The opinion of the court was delivered by: Hull , J.
California Rules of Court, rule 8.1115(a), prohibits courts and parties from citing or relying on opinions not certified for publication or ordered published, except as specified by rule 8.1115(b). This opinion has not been certified for publication or ordered published for purposes of rule 8.1115.
Defendant was convicted of assault with a deadly weapon (Pen. Code § 245, subd. (a)(1); unspecified section references that follow are to the Penal Code) and petty theft with a prior conviction (§ 666), but was acquitted of robbery (§ 211). The trial court found charged prior conviction allegations to be true and sentenced defendant to an aggregate prison term of eight years.
Defendant appeals, asserting that the trial court erred in denying his Batson/Wheeler motion (Batson v. Kentucky (1986) 476 U.S. 79 [90 L.Ed.2d 69] (Batson); People v. Wheeler (1978) 22 Cal.3d 258 (Wheeler)). According to defendant, the prosecutor improperly used peremptory challenges to exclude the only three African-American prospective jurors. We affirm the judgment.
Given the nature of defendant's claim on appeal, we dispense with the usual recital of the underlying facts and focus instead on jury selection, specifically, the prosecutor's peremptory challenges to three African-Americans, T.G., C.H., and C.M.
T.G. stated during voir dire that she had several family members who had been "in and out of jail." Her brother had been convicted of joyriding in a stolen car, and spent time in prison for a parole violation; years before, he had been tried and acquitted for murder. T.G. was with her brother on one occasion when he was arrested. When asked whether she thought her brother had been fairly treated, she replied, "Yes and no." T.G. stated she could be a fair and impartial juror despite these contacts with the criminal justice system.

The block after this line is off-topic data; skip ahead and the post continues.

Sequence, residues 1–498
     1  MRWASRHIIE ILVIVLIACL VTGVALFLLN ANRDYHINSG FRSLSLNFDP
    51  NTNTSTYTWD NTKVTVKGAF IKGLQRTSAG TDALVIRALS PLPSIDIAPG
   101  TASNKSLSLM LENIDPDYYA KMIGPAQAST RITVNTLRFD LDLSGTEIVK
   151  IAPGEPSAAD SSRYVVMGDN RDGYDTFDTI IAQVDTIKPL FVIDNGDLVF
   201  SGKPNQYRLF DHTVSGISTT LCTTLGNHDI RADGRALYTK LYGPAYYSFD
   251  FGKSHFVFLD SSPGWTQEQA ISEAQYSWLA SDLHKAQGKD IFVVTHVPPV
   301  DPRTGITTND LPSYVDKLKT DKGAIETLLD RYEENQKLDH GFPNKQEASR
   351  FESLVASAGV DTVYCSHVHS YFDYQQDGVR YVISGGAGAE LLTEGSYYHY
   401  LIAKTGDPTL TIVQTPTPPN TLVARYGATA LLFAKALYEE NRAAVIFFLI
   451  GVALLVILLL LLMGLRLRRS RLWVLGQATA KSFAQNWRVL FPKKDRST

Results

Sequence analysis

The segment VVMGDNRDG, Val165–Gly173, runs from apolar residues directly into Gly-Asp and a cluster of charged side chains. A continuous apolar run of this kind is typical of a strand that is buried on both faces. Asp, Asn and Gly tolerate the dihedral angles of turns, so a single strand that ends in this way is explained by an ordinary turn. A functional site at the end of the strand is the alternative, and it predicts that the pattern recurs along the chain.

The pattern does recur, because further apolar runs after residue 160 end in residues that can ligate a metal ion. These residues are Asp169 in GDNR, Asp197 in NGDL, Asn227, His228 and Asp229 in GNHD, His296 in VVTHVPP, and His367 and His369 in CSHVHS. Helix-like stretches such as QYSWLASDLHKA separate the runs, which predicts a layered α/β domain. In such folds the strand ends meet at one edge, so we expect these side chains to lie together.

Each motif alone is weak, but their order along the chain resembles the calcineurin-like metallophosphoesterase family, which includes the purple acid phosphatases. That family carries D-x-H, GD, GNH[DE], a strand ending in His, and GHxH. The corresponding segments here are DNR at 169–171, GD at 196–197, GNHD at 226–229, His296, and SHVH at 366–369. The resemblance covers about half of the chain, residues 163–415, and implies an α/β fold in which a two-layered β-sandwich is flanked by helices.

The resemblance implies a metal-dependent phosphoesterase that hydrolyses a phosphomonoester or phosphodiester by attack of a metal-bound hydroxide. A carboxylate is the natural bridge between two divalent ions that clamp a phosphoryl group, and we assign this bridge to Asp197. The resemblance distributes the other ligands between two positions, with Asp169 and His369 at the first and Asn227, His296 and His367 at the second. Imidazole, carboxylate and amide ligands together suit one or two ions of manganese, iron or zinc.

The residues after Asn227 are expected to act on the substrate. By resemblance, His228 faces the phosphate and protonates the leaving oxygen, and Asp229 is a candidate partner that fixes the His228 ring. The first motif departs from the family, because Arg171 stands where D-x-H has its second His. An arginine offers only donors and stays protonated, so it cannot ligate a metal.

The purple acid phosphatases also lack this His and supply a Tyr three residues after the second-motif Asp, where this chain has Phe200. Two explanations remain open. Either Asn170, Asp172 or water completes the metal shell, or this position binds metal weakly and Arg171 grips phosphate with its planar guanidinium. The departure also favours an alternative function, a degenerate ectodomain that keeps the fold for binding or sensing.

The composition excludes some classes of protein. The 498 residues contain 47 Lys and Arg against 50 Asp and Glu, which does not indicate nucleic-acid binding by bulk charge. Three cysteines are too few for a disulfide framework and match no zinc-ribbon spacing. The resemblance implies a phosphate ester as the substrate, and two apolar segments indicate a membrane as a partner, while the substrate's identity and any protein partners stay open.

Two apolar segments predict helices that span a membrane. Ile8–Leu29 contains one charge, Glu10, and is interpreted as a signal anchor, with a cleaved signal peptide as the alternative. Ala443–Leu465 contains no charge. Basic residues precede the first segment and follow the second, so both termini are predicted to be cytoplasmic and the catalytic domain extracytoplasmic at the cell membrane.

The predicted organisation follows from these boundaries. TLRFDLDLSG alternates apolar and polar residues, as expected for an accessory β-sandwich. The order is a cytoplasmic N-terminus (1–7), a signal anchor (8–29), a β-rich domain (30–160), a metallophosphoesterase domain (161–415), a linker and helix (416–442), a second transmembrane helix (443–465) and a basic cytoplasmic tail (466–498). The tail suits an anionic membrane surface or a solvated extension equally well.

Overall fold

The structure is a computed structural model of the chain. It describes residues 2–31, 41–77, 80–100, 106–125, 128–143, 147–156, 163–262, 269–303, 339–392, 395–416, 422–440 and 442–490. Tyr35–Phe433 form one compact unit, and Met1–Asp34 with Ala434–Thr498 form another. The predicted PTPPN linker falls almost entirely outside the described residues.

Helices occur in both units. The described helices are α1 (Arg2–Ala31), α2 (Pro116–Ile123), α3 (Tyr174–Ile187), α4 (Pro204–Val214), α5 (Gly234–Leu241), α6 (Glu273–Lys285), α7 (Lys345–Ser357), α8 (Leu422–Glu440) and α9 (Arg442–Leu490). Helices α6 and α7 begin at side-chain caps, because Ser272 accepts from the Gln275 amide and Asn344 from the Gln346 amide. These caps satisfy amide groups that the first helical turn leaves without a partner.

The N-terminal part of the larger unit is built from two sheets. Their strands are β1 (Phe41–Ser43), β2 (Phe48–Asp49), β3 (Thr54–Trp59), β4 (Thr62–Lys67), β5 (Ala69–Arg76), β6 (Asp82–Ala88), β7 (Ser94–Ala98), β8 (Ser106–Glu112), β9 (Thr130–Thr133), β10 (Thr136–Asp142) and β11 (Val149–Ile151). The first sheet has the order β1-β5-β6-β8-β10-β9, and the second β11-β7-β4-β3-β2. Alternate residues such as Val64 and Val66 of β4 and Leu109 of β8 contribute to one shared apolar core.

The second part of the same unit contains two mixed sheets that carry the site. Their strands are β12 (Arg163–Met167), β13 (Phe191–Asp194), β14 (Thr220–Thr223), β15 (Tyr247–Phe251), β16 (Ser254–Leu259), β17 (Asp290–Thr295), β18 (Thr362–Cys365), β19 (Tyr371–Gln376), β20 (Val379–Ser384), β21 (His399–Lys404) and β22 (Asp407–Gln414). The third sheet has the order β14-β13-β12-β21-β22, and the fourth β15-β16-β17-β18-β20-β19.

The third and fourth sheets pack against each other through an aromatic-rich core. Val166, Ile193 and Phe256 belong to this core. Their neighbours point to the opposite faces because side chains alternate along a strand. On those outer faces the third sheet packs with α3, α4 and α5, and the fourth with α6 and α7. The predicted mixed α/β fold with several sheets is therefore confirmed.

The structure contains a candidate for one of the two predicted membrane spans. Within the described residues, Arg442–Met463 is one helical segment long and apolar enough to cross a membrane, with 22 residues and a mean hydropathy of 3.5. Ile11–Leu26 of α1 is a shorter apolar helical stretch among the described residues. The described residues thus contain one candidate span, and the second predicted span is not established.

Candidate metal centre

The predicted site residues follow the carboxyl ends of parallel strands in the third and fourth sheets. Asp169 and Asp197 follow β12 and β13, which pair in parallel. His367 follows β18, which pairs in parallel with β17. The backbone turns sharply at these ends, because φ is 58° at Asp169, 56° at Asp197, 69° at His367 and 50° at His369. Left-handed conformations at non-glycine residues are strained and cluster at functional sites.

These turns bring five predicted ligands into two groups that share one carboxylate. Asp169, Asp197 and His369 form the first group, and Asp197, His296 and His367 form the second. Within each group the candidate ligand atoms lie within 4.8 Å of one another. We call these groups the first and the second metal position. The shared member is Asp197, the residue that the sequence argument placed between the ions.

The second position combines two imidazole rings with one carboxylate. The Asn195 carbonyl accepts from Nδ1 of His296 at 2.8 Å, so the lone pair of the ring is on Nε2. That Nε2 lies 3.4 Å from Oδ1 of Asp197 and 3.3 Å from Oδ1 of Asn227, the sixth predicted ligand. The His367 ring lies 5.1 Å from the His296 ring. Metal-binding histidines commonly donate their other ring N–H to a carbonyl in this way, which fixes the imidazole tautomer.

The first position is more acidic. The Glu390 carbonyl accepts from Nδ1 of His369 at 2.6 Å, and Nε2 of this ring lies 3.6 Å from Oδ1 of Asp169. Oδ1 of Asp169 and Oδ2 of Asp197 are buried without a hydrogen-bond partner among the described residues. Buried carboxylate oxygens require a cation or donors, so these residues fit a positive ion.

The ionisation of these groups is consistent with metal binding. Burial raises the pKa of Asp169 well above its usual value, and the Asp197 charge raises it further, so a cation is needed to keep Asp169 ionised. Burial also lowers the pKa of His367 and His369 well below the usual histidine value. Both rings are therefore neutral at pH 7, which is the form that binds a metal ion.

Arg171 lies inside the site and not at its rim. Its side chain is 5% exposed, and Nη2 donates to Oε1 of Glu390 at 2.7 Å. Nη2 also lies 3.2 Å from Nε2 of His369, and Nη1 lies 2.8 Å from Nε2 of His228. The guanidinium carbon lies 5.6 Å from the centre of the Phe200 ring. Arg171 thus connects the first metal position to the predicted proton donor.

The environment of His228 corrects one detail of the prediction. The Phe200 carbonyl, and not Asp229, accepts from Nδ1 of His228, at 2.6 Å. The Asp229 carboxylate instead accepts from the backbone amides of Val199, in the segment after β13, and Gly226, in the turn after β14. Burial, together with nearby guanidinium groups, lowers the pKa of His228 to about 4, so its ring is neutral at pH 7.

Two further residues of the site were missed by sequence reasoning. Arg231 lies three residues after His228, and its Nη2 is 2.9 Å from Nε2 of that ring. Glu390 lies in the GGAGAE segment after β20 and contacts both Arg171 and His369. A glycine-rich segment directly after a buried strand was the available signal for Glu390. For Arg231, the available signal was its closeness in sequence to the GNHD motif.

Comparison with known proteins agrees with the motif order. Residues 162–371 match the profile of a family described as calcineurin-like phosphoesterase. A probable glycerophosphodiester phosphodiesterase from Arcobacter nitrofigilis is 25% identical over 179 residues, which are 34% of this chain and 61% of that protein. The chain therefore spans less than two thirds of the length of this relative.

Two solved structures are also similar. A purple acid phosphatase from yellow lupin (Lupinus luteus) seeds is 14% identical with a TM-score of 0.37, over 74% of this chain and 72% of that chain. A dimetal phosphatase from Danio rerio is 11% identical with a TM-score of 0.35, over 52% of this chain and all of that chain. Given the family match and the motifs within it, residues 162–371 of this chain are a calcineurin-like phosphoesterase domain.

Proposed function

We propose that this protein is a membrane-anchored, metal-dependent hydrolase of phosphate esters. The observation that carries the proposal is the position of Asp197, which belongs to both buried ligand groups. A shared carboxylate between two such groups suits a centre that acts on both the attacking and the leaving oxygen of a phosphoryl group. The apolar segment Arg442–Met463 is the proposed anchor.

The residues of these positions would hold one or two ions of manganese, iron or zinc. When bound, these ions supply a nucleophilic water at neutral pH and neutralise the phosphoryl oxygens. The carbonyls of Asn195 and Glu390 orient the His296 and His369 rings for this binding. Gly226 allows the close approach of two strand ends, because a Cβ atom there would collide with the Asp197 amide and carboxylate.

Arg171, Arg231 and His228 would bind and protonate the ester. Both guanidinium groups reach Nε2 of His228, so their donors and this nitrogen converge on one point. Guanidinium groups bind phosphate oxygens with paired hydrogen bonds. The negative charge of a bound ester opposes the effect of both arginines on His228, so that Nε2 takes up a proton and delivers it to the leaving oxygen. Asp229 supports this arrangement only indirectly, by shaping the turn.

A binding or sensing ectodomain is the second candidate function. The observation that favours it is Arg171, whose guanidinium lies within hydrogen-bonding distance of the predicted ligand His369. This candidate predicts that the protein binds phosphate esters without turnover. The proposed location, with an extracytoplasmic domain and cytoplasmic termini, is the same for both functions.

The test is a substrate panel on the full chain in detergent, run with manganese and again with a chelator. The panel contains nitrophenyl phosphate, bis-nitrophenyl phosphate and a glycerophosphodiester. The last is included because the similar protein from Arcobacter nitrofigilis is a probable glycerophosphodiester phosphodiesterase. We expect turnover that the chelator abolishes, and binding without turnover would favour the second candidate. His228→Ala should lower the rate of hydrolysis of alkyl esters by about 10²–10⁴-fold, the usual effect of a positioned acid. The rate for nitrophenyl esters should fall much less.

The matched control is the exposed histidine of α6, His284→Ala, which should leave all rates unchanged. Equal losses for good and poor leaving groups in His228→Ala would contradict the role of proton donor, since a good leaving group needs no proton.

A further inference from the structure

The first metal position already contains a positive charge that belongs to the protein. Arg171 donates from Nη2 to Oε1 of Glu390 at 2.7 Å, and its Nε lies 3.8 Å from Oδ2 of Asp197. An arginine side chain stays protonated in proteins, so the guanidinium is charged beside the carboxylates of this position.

C.H. said that on about 10 different occasions, police officers had pulled his car over for no apparent reason. These stops had colored his attitude toward law enforcement officers and he said he would listen critically to any officer testimony, in part because "they may be a little less credible." He stated that he would "try" to set aside these experiences and listen to the evidence presented.
C.M. stated that her brother had been tried and acquitted of robbery, and that the experience affected her view of law enforcement and the justice system. She said that she would be a cautious juror and would need to be "comfortable with all of the information" presented at trial, but asserted that she would be fair to both the prosecution and the defense.
After the prosecutor exercised peremptory challenges against each of these prospective jurors, defendant moved for a mistrial raising Batson/Wheeler concerns. The trial court found defendant had made a prima facie showing of a discriminatory purpose and asked the prosecutor to explain his challenges.
The prosecutor replied that he had excused T.G. because she "had been with her brother at least on one occasion when he was stopped by the police, and she thought that police were acting inappropriately. She also had family members that had numerous other criminal contacts with law enforcement."
The prosecutor explained he excused C.H. because C.H. believed himself to be a victim of racial profiling and said he would have a critical ...